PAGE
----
It was an impressive victory in a district – the 30th – that had been in Republican hands since it was created back in 1991.
One can’t even point to a significant coattails effect. About 8,000 of the 40,000 who voted in the presidential election didn’t continue on down to the level of city council.
The 31-year-old Crowley put her 4,400-vote, or 13-percent, margin of victory down to the fact that she’d spent a year running for office. She lost to Republican Anthony Como by just 38 votes on a small turnout in the July special election to replace Dennis Gallagher, who last year pled guilty to sexual assault charges.
“I ran hard. I worked very hard and knocked on a lot of doors,” she said of her campaign in the district that comprises the Queens neighborhoods of Middle Village, Maspeth and Glendale, as well as parts of Ridgewood, Woodhaven and Richmond Hill. “I was up early at train stops and to bed late at night.”
She attributed her November victory partly, too, to the marker she’d put down when she ran as a 23-year-old in 2001. “I got a taste for it,” she said. “I liked it.”
Though Crowley comes from a well-known political family in Queens, it was her membership of D.C. 9 International Union of Painters and Allied Trades that provided the important spark for her seeking office.
She subscribes to the labor movement philosophy that putting food on the table and maintaining a standard of living are more important to ordinary people than social issues such as gay marriage and abortion – “issues,” she said, “that aren’t going to make or break a family.”
Her passion at high school, however, was for the arts, not economics or politics. She studied restoration/preservation at the Fashion Institute of Technology, SUNY, from which she graduated magna cum laude. She then got a Masters degree in city and regional planning from Pratt Institute’s graduate school of architecture.
Her career took her to construction sites at historic landmarks such as Radio City Music Hall, Central Synagogue and St. Patrick’s Cathedral. But that world of work also led to contact with the labor movement and her new passion for politics. She sought union support for that first run in the 30th District and got it.
It was as important to her personally to have the members of her large extended family – including her 11 sisters and three brothers – in her corner. Most of them lived (and still live) in the 30th District, and they were realistic about how difficult it would be to successfully challenge the GOP’s hegemony there. But they backed her fully nonetheless.
That Elizabeth Crowley stayed active in the community and eventually prevailed in November 2008 is especially pleasing to her mother.
Mary Crowley, who served out her husband Walter’s council term after his death in September 1985 and remained very active at a local level, had always hoped the next generation would follow their parents into public life. In the end, it was the 14th of her 15 children who did so.
Walter Crowley was selected in January 1985 to represent the district (now the 26th) that included Woodside after Tom Manton went to Congress. It was his law partner and brother’s son Joseph Crowley who would be the first to seek elective office in the next generation, winning a seat in the New York State Assembly in 1986, and eventually succeeding Manton in the U.S. House of Representatives.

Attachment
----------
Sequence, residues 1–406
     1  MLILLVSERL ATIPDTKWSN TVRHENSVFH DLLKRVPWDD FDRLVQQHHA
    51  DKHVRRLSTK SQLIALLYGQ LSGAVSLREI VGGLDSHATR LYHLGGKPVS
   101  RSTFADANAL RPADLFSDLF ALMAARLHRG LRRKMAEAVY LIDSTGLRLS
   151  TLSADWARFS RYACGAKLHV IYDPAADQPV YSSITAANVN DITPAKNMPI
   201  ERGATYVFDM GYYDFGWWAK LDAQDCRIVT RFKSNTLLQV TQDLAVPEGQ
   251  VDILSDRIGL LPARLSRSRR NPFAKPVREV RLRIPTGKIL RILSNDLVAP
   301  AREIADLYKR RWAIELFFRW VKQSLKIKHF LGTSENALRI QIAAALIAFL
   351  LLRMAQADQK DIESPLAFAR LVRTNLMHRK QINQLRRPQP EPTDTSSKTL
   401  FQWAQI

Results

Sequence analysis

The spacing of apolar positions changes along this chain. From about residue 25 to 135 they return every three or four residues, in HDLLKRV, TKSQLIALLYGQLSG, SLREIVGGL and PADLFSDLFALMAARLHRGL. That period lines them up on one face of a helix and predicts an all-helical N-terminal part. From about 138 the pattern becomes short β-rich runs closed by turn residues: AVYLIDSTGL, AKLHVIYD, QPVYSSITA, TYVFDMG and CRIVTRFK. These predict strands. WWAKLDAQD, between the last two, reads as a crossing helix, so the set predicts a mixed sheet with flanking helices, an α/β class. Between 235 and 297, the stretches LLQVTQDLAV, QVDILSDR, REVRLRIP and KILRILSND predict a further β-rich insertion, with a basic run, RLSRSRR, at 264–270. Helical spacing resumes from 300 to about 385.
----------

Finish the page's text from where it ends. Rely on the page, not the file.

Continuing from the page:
“Joe had a natural fondness for it,” Crowley said of her cousin. Her older siblings balked at the time commitment as they built careers and had families.
She was under no illusions herself about the commitment involved. “I knew what I signing up for,” she said.
Crowley, who grew up in Middle Village, lives with her 11-year-old and 10-year-old sons in Glendale.
“I’m lucky. They’re good kids. They do well at school,” she said. Her ex-husband, who lives nearby, spends time with his sons every day. It also helps, she said, that the boys are the only grandchildren on their father’s side.
They are, however, just two of 45 grandchildren on the Crowley side – the fourth generation of the family to live in Queens. The council member said that her father’s parents, who were from Counties Cavan and Louth, lived in Maspeth and were very active in the church and the community. (Her mother’s Irish roots date back to the Famine.)
As for her parents’ large family, she said: “I’m not sure why they had 15 but any time I asked, I was told ‘Just be happy you’re here.'”
She’s certainly happy to have that readymade army of support at election time. Its foot soldiers will be called up again as she battles to win a four-year term this coming November.
For now, Crowley is working with her staff from her offices at Dry Harbor Road in residential Middle Village and in Manhattan.
She’s had to deal with a controversial plan to open a high school in Maspeth. “It was a tough issue to take on,” she said.
And the novice politician has led on another following the death of 16-year-old Robert Ogle and a friend in Middle Village in early February. The young men were struck by a stolen car whose owner had left it unattended while he went into a deli.
Crowley, working closely with Robert’s parents, has introduced legislation to raise the penalty for anybody who leaves their vehicle running and unattended from $5 to $250.
Another Irish-American politician is learning in practice what she knew in theory: all politics is local.